Air Canada invests in carbon capture technology

Air Canada has made a multi-billion dollar investment in a climate solutions company that is working to implement technology that removes carbon dioxide from the air at industrial-scale levels, the airline announced Thursday.

The C$6.75 million (US$5.06 million) investment in Squamish, British Columbia-based Carbon Engineering Ltd. is designed to support the company’s direct air capture technology, which, it says it uses large fans to suck in air and then separates the carbon dioxide “through a series of processes” and returns the remaining air to the atmosphere. The captured CO2 can be stored underground or used to create sustainable aviation fuel, according to CE.

“We remain focused on finding innovative, sustainable and long-term solutions [greenhouse gas] emissions reduction solutions for aviation and carbon capture is one we have outlined in our strategy to achieve net zero GHG emissions by 2050,” Air Canada President and CEO Michael Rousseau said in a statement. .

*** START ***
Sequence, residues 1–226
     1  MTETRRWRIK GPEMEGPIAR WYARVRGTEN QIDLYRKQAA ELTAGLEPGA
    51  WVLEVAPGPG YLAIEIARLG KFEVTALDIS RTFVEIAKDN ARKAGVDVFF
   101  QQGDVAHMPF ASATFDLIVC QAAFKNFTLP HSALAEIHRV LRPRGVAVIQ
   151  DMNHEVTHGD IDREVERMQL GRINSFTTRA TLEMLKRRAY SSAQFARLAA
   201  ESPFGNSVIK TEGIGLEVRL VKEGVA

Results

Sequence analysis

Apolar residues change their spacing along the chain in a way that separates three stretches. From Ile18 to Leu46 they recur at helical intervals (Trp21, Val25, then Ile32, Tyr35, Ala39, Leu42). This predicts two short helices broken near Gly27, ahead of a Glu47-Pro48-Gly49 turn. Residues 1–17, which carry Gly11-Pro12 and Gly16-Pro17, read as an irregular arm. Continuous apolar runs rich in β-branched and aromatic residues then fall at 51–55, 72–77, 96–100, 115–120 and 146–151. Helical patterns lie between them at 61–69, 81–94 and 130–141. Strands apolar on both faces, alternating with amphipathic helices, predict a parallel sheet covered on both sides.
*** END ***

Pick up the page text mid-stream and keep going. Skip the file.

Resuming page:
Air Canada last year announced a memorandum of understanding with Carbon Engineering “to advance transformative new technologies toward commercial viability of SAFs and carbon removal.”

The airline has earmarked C$50 million to invest in technology to reduce carbon emissions. Financing for CE comes from this investment fund, according to Air Canada, as does the $5 million the airline plans to use to buy 30 ES-30 hybrid-electric planes being developed by Sweden’s Heart Aerospace.

Carbon Engineering announced in June that it would work with 1PointFive, a partnership between an Occidental subsidiary and Rusheen Capital Management, to implement carbon capture projects around the world. United Airlines, an Air Canada partner, announced in 2020 that it would make a multi-million dollar investment in 1PointFive.

1PointFive in a June statement said it expects its first facility to open in Texas by the end of 2024. The company said it could produce 70 direct air capture plants worldwide by 2035, each with an expected capacity of one million. metric tons of carbon dioxide captured. under current policy and compliance and voluntary market scenarios.” That number could grow to 135 plants “with an increase in global policy initiatives and demand in the voluntary market.”

Aircraft maker Airbus also announced an investment in Carbon Engineering on Thursday. The company did not disclose the amount invested, but Carbon Engineering CEO Daniel Friedmann told The Globe and Mail it was significant.

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